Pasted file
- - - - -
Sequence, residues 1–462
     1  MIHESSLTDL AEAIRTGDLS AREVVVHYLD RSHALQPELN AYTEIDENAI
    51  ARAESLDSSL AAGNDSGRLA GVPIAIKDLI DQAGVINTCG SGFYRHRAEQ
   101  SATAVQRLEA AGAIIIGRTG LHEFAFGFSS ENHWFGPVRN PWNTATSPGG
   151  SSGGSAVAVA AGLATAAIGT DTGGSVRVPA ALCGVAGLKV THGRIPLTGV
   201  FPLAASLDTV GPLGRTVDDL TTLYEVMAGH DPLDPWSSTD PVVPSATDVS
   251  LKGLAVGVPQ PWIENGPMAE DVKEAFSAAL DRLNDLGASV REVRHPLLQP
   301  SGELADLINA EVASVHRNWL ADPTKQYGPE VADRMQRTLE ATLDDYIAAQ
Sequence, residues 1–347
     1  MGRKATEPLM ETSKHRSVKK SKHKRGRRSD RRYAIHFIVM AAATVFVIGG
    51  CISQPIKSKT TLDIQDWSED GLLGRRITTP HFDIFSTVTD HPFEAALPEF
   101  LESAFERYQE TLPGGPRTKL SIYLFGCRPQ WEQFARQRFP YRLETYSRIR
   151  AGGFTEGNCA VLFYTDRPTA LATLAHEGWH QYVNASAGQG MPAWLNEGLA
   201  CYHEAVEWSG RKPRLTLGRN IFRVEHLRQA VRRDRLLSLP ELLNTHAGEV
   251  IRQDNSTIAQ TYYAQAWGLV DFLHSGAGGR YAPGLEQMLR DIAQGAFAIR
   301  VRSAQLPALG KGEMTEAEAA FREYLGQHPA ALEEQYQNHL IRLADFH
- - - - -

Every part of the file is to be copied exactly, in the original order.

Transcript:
Sequence, residues 1–462
     1  MIHESSLTDL AEAIRTGDLS AREVVVHYLD RSHALQPELN AYTEIDENAI
    51  ARAESLDSSL AAGNDSGRLA GVPIAIKDLI DQAGVINTCG SGFYRHRAEQ
   101  SATAVQRLEA AGAIIIGRTG LHEFAFGFSS ENHWFGPVRN PWNTATSPGG
   151  SSGGSAVAVA AGLATAAIGT DTGGSVRVPA ALCGVAGLKV THGRIPLTGV
   201  FPLAASLDTV GPLGRTVDDL TTLYEVMAGH DPLDPWSSTD PVVPSATDVS
   251  LKGLAVGVPQ PWIENGPMAE DVKEAFSAAL DRLNDLGASV REVRHPLLQP
   301  SGELADLINA EVASVHRNWL ADPTKQYGPE VADRMQRTLE ATLDDYIAAQ
Sequence, residues 1–347
     1  MGRKATEPLM ETSKHRSVKK SKHKRGRRSD RRYAIHFIVM AAATVFVIGG
    51  CISQPIKSKT TLDIQDWSED GLLGRRITTP HFDIFSTVTD HPFEAALPEF
   101  LESAFERYQE TLPGGPRTKL SIYLFGCRPQ WEQFARQRFP YRLETYSRIR
   151  AGGFTEGNCA VLFYTDRPTA LATLAHEGWH QYVNASAGQG MPAWLNEGLA
   201  CYHEAVEWSG RKPRLTLGRN IFRVEHLRQA VRRDRLLSLP ELLNTHAGEV
   251  IRQDNSTIAQ TYYAQAWGLV DFLHSGAGGR YAPGLEQMLR DIAQGAFAIR
   301  VRSAQLPALG KGEMTEAEAA FREYLGQHPA ALEEQYQNHL IRLADFH